View Full Version : To weld, or not to weld.

10-08-2008, 08:58 AM
Thought I'd throw this out for general opinion:

Since I have the rear quarters off of the 53k, I'm considering eliminating the little metal filler strip at the top of the quarter, & replacing it with a welded bead and filling and smoothing the top of the quarter. As a matter of fact I'm considering welding the quarter (in addition to bolting) back on altogether. I realize that it'll be a permanent process, but it's not like I'll be able to take the car to maaco to get the quarter repaired via replacement if I was to get hit anyway. Thoughts?

Don't talk about what you are going to do,... talk about what you have DONE.

10-08-2008, 09:30 AM
If it was mine I would not weld it, but it's your car. If you sell the car later things like welding and filling factory seams put off some people. If you plan to keep the car forever no one needs to decide but you.

1952 Champion Starlight, 1962 Daytona, both w/overdrive.Searcy,Arkansas
"I may be lazy, but I'm not shiftless."

10-08-2008, 09:31 AM
Personally, I wouldn't weld it on. I'd use a modern metal-bonding adhesive such as FUSOR, or "door skin adhesive"(epoxy)... and then use regular body-fillers to smooth the seams.
In this way, it will definitely be strong enough... but still be removable later on if the inevitable happens. (Just get out the propane torch and heat the seam and it will separate)

Specializing in Studebaker Restoration

Dick Steinkamp
10-08-2008, 09:41 AM
If you do it, make sure you have all the body panels aligned and gaps set before hand. The quarter is able to adjust a little.

Dick Steinkamp
Bellingham, WA


10-08-2008, 09:45 AM
Mike - I did that on 54K. I tacked the quarter to the body to stabilize the area and filled initially with glass filled resin. I then finished with normal body products. I may pay in the future but it looks great. I don't know why you can't weld the area and finish, as usual. The body shop can always locate the joint with a scotchbrite roloc and use a 1/16 in. high speed wheel to seperate the weld. I don't see why the fender is irreversably ruined.;);)Bob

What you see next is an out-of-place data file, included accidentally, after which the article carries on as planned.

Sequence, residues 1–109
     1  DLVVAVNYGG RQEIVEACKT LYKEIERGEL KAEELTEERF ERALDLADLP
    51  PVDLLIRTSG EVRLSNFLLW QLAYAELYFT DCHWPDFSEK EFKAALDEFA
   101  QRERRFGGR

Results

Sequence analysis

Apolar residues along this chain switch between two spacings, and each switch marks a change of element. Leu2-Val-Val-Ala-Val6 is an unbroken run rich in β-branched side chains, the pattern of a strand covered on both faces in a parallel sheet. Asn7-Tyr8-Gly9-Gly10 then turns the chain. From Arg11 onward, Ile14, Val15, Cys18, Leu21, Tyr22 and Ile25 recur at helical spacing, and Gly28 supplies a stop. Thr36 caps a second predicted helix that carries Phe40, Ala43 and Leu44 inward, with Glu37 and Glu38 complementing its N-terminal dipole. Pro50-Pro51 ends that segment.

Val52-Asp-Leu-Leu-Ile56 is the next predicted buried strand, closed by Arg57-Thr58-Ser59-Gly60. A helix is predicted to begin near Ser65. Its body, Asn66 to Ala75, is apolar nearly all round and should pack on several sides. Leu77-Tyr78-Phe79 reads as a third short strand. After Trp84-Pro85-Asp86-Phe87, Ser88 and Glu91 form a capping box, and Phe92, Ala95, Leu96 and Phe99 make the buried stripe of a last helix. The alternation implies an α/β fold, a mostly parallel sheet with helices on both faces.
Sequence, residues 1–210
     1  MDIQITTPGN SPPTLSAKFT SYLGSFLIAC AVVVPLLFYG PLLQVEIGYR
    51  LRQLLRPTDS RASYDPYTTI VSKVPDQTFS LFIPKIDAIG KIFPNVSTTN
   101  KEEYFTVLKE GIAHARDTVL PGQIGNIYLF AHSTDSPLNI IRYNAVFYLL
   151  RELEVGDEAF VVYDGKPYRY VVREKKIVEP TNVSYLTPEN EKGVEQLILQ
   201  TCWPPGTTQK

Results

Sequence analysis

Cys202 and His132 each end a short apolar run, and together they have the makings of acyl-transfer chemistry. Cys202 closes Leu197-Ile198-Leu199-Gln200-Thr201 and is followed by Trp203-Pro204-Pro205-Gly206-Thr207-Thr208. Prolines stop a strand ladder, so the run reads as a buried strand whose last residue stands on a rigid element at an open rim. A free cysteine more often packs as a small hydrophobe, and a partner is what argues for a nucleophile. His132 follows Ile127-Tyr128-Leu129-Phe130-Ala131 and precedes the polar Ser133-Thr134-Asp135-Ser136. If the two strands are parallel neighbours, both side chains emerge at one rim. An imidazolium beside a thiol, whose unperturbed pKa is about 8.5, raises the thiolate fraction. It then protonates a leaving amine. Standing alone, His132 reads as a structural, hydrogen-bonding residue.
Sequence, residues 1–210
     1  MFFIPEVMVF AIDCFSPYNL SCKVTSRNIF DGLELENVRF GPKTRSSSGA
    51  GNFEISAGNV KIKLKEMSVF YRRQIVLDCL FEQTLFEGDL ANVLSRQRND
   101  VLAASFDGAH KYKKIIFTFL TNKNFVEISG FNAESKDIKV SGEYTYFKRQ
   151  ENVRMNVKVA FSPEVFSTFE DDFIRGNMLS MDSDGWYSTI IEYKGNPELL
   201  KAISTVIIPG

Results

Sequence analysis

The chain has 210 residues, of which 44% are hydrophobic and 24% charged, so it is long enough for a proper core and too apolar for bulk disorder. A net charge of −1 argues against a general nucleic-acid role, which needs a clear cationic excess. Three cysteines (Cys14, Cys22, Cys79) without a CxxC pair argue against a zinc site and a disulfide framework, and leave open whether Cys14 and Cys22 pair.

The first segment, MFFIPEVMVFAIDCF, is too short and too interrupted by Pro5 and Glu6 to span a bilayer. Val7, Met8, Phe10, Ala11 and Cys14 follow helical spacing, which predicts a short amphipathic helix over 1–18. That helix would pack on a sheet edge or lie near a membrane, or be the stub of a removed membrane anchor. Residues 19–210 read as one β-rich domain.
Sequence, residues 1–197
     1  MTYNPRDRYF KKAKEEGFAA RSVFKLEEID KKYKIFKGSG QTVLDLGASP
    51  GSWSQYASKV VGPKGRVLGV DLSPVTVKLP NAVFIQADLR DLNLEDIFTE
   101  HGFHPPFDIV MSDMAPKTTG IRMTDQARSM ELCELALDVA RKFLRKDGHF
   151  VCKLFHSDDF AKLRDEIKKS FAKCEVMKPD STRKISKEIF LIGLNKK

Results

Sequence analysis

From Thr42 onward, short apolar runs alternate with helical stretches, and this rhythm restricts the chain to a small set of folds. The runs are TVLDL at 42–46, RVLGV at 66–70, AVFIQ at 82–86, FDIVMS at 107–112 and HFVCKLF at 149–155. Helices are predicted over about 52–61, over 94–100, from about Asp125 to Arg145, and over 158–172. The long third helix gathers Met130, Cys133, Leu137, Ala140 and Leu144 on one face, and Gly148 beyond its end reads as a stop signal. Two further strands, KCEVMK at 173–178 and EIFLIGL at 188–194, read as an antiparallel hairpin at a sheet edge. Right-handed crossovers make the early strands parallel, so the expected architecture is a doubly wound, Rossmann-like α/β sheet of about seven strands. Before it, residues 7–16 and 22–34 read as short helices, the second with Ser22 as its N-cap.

P.S. I was typing my reply while Studeman was suggesting FUZOR adhesive. I've used it a couple of places on 54K where I didn't want to straighten welds and it is impressive material. Just be sure it's fresh because it's expensive and frustrating when it won't set. But I did some lap peel tests with the stuff and it's excellent. I know they bond panels on some new vehicles with it.

10-08-2008, 01:08 PM
I assume you are building a modified, Right?
In that case there are pros and cons either way for welding.
I did it on a modified sedan. On my original coupe, I would
kill, if some tried to weld it

Tex E. Grier

10-08-2008, 02:07 PM
the reason for the welding idea is to make sure that gap where I eliminate the metal filler strip won't crack from any flex issues.

to answer flashback, (and those who don't know) This car is definitely a modified, and the amount of customization to the sheet metal would deter almost (I did say almost) anyone from wanting to convert it back to stock should I sell it.

Bottom line is: I want to be sure that there will be no panel shift from driving the thing that'll later come back and haunt me in that area.

Don't talk about what you are going to do,... talk about what you have DONE.

10-09-2008, 10:10 PM
We did it with our Hawk, but used body filler....... please no nasty responses..........

As far as I am concerned it makes the car look much better. My body man used some kind of adhesvive and then the filler. In the event of an accident he said all it would take is the typical removal steps and the lift up the rear quarter to break the seam.